In finding a sense of fulfillment and purpose, is it possible that somewhere along the way, we placed work at a level it was never meant to be on, changing the standard of what is successful and focusing our efforts on growth and improvement, never capable of saying we have enough?
I’m reminded that this active engagement of thought is not only good for me, but is in fact the way I become me.
Our inner work makes honest engagement with another’s sin not only possible, but possibly transformational. It also frees us to know and be known by God.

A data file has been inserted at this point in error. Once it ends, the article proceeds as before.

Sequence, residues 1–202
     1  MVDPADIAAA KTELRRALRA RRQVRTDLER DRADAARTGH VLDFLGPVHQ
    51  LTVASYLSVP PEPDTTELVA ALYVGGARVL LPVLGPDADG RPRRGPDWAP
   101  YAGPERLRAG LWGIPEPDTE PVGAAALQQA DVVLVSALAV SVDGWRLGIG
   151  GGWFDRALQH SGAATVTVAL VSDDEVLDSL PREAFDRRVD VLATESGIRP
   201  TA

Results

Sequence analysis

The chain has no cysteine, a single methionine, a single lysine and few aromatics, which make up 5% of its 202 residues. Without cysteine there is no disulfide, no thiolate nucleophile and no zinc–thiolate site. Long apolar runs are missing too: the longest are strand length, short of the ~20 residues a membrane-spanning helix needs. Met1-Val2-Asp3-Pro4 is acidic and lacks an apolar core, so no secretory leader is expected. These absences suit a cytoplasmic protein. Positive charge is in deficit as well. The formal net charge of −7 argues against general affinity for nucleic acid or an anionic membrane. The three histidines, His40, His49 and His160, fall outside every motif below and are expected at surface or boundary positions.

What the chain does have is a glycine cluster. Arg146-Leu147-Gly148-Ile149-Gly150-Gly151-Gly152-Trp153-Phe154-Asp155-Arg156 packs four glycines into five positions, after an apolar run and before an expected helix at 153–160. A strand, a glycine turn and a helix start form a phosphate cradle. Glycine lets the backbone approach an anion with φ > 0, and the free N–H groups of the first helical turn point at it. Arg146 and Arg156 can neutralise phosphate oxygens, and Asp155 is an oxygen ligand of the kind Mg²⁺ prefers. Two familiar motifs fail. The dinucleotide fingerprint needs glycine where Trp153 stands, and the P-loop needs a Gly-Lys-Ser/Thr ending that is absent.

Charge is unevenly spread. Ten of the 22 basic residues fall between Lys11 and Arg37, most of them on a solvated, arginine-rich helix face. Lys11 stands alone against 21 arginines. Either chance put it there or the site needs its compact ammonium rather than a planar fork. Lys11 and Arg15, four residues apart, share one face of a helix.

In the spirit of the book, "How to Survive the Apocalypse: Zombies, Cylons, Faith, and Politics at the End of the World", let’s unpack the importance of what Charles Taylor calls the “social imaginary” and how our perception of desperate times might validate increasingly desperate measures.
Eschatological fascination is not limited to believers wrestling with biblical texts. This, at least, is the argument made by Robert Joustra and Alissa Wilkinson in their remarkable book How to Survive the Apocalypse.
The 2017 top books list for iAt Editorial Board members.